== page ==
• Cognitive behavior therapy (CBT) which looks at a person's thoughts, feelings and behaviors to help them overcome emetophobia.
  • Hypnosis, or hypnotherapy: with this technique a professional "hypnotizes" the patient into a "trance", which is a state of deep relaxation. By becoming relaxed, the person is able to overcome the severe anxiety that normally occurs with the fear of vomiting.

Medications, which can be used if non-medication treatments aren't effective:

  • Specific serotonin reuptake inhibitors (SSRIs) are a group of medications commonly used for various types of anxiety. Examples include Fluoxetine (Prozac), Sertraline (Zoloft), Citalopram (Celexa) and , Escitalopram (Cipralex)
  • Nausea-related medications have been reported as helpful by some individuals who have emetophobia as well as nausea. Examples of these medications including Metoclopramide.

Although medications can sometimes be helpful, they are not a cure-all, and to date, there have been few quality studies to evaluate their effectiveness.

 

For mild nausea, some people report that acupressure is helpful. This technique involves pressing your middle/index fingers down on the groove between the two large tendons on the inside of the wrist (National Institutes of Health, 2008). Although there are also no controlled studies on acupressure for emetophobia, it is worthwhile to try, because it is a safe and harmless technique.

CBT in more detail

Cognitive behavioral therapy (CBT) is one of the major treatments used for most anxieties and phobias.

 

The theory is that the vomiting phobia tricks the person into having unhelpful thoughts (e.g. "I can't get on the bus because I might throw up!"), which leads to behaviours such as avoidance.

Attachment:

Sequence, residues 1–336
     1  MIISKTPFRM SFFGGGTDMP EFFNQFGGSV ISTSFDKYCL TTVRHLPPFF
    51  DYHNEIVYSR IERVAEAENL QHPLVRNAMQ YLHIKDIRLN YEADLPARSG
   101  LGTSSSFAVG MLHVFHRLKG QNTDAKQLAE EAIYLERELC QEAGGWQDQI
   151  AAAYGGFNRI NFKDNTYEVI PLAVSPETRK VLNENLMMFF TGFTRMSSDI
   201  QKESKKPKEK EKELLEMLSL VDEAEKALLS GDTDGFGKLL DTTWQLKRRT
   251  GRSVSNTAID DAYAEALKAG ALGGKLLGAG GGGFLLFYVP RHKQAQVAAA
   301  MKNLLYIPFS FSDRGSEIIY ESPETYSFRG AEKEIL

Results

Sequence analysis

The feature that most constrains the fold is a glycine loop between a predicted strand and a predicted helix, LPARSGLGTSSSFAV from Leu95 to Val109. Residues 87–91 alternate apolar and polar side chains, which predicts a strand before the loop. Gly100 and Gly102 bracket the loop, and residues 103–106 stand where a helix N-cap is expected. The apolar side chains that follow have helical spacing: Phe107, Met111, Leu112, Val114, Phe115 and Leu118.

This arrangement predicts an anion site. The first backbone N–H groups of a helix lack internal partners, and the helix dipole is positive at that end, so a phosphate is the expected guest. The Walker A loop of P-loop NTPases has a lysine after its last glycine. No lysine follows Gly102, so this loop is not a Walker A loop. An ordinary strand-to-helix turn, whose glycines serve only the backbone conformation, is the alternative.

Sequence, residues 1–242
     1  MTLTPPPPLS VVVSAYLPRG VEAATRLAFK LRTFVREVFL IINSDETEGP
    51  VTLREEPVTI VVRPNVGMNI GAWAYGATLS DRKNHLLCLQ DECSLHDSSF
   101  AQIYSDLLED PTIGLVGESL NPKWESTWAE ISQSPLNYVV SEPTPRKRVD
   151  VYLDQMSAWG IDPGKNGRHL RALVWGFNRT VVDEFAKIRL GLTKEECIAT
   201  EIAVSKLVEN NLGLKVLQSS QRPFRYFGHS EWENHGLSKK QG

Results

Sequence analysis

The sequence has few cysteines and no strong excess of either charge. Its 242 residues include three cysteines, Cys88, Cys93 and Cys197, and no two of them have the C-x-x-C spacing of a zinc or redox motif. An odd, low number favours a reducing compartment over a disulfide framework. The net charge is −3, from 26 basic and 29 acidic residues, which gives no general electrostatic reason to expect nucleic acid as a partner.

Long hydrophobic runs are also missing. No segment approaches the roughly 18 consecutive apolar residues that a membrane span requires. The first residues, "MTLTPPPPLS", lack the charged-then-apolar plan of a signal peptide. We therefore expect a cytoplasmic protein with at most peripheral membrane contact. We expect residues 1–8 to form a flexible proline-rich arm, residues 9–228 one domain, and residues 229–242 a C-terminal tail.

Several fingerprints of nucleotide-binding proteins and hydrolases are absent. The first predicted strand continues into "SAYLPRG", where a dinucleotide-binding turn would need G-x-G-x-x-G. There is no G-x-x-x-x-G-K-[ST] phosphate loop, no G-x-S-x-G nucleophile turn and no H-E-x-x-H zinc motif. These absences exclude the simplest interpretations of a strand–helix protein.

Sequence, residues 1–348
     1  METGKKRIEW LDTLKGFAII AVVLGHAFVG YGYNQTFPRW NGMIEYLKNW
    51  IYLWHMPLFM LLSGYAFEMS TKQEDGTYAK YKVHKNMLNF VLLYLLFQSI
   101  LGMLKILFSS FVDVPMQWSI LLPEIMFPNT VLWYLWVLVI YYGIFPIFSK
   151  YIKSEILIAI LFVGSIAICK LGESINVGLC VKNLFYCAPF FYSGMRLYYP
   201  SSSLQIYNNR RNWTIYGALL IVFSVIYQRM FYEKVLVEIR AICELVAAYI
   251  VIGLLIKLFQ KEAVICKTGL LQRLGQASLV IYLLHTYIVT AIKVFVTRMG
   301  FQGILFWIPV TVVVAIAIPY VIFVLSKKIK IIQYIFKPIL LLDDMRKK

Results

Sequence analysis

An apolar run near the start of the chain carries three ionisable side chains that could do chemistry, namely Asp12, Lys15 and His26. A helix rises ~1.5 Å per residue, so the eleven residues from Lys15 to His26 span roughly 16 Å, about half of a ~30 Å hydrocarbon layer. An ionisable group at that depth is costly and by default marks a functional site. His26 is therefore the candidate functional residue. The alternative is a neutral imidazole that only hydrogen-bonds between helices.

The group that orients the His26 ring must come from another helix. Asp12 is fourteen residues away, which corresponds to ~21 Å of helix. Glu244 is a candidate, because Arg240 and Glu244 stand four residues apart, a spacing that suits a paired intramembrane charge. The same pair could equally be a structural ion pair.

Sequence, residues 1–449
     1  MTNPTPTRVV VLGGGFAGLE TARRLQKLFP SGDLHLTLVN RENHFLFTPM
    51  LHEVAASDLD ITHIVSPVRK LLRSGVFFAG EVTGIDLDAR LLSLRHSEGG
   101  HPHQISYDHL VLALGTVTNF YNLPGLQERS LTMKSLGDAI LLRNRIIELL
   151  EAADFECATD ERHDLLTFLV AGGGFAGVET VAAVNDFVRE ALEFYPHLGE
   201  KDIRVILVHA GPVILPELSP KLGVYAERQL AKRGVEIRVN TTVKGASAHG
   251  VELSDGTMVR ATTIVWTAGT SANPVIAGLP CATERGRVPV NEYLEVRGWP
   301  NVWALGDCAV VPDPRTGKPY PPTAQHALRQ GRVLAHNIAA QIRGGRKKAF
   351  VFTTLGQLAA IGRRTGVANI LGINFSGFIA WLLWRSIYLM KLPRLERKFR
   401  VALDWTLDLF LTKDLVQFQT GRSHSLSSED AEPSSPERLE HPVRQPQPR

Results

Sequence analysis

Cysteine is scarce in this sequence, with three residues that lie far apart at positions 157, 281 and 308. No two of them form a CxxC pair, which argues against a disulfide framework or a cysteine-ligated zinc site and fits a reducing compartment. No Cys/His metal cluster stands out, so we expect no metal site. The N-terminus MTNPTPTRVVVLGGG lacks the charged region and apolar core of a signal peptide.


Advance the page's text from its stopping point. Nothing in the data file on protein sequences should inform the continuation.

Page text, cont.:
In cognitive behaviour therapy, the person learns to replace those unhelpful thoughts with more positive, helpful thoughts (e.g. "I'm not going to throw up on the bus. And even if I did, its not the end of the world!") to allow the person face his/her fears.

Recommended Websites

There are unfortunately no "official" emetophobia websites. Nonetheless, in the interest of providing at least some information, the following are websites by individuals with emetophobia. Remember to check with a professional regarding any information that you read on a website!

Useful Books

Living with Emetophobia: Coping with Extreme Fear of Vomiting, by Nicolette Heaton-Harris, 2007

References

Boschen M: Reconceptualizing emetophobia: a cognitive-behavioral formulation and research agenda, J. Anxiety Disorders, 21(3): 407-419, 2007.

 

Nausea and Acupressure, National Library of Medicine, The National Institutes of Health, Retrieved Jan 5, 2008 from http://www.nlm.nih.gov/medlineplus/ency/article/002117.htm

About this Document

Written by the eMentalHealth Team and Partners.

Disclaimer

Information in this pamphlet is offered ‘as is' and is meant only to provide general information that supplements, but does not replace the information from your health provider. Always contact a qualified health professional for further information in your specific situation or circumstance. 

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Date Posted: Nov 4, 2008
Date of Last Revision: Oct 8, 2016